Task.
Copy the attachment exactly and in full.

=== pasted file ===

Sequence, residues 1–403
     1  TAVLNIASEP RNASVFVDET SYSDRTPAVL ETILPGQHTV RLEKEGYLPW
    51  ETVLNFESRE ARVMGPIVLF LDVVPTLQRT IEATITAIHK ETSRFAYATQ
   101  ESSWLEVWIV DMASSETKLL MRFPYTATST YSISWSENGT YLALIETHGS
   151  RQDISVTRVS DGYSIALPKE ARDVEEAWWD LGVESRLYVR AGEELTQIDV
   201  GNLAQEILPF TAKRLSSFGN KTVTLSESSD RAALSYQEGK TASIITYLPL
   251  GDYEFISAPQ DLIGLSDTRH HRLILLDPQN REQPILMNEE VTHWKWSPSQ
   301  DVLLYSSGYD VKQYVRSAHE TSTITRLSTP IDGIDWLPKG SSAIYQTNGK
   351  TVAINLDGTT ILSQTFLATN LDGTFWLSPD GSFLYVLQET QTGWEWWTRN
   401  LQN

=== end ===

Sequence, residues 1–403
     1  TAVLNIASEP RNASVFVDET SYSDRTPAVL ETILPGQHTV RLEKEGYLPW
    51  ETVLNFESRE ARVMGPIVLF LDVVPTLQRT IEATITAIHK ETSRFAYATQ
   101  ESSWLEVWIV DMASSETKLL MRFPYTATST YSISWSENGT YLALIETHGS
   151  RQDISVTRVS DGYSIALPKE ARDVEEAWWD LGVESRLYVR AGEELTQIDV
   201  GNLAQEILPF TAKRLSSFGN KTVTLSESSD RAALSYQEGK TASIITYLPL
   251  GDYEFISAPQ DLIGLSDTRH HRLILLDPQN REQPILMNEE VTHWKWSPSQ
   301  DVLLYSSGYD VKQYVRSAHE TSTITRLSTP IDGIDWLPKG SSAIYQTNGK
   351  TVAINLDGTT ILSQTFLATN LDGTFWLSPD GSFLYVLQET QTGWEWWTRN
   401  LQN